Friday, April 5, 2013



I am not a lawyer, nor a judge, nor an employee of the court system in any way shape or form. In fact none of my university degrees are in law.  They are in Political Science, Education and History. However,   I teach law at the secondary school level, and therefore profess to have a sound working knowledge of the legal system.  Plus I do a tremendous amount of reading on the subject, often reading Supreme Court decisions in my spare time. 
Somewhere deep down we would like to see justice served in our legal system, keeping in mind that everyone’s notion of justice can be different.   What spurred me to start this blog was the feeling that justice was not served in a recent case originating out of Hamilton involving a disabled man who was confined, tortured and robbed over the course of a 17 day period.  Two of the three perpetrators stand to have their sentence reduced as it was felt that the punishment meted out was unduly harsh.  One person had their sentence reduced six years (13-7) and another will have their 10 year sentence reduced to a length yet to be determined.  The third member did not appeal their 14 year sentence reduced.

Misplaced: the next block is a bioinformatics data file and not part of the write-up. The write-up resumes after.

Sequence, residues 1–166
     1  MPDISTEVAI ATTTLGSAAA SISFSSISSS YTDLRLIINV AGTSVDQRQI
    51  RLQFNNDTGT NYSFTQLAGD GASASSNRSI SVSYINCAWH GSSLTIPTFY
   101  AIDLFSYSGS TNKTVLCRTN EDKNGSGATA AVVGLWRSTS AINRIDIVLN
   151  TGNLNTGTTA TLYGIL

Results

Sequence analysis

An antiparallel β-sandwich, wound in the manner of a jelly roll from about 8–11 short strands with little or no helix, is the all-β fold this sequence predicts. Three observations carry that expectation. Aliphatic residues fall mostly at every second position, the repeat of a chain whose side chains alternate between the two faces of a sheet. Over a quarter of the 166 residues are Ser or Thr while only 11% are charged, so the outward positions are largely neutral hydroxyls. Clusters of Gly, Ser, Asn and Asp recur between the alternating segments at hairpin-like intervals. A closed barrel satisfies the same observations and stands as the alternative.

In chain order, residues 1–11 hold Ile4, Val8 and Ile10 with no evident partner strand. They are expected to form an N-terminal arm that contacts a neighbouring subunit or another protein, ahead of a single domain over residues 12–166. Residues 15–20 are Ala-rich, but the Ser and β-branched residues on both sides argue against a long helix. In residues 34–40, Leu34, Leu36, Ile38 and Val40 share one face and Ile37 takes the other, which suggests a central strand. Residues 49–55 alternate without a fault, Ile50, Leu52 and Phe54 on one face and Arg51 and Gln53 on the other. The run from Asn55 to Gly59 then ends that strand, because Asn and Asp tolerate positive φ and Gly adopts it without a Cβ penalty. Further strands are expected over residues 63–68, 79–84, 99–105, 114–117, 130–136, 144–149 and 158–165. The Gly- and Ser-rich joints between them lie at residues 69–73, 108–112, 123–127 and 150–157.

Room where a developmentally disabled Hamilton man was held and tortured for 17 days.
This is the room where a man was held for 17 days
Seems ridiculous to see perpetrators use the term “harsh punishment” when they tortured a  disabled young man in manners too graphic and disturbing to imagine. 
I do not get the reduction in sentence and that seems to be the belief of a number of people according to what was tweeted by CBC Hamilton’s Conrad Collaco.  In fact it can be argued that considering the events the sentences might have been seen as relatively light as there were three serious offenses committed during the course of the 17 days:  robbery, aggravated assault and forcible confinement.
While I take issue with some of the parameters of the US justice system, the fact that they have consecutive sentences rather than Canada’s system of concurrent sentences would seem to be more applicable here.  Three serious crimes should see 3 different punishments.  If you add them all together, that should be your sentence.   Concurrent punishment means all the punishments are served at the same time, essentially meaning that only the crime with the longest prison term is the one that actually plays. 
That in itself does not seem overly fair in this case.  Add in the notion of reducing the sentence and it seems somewhat ludicrous. 

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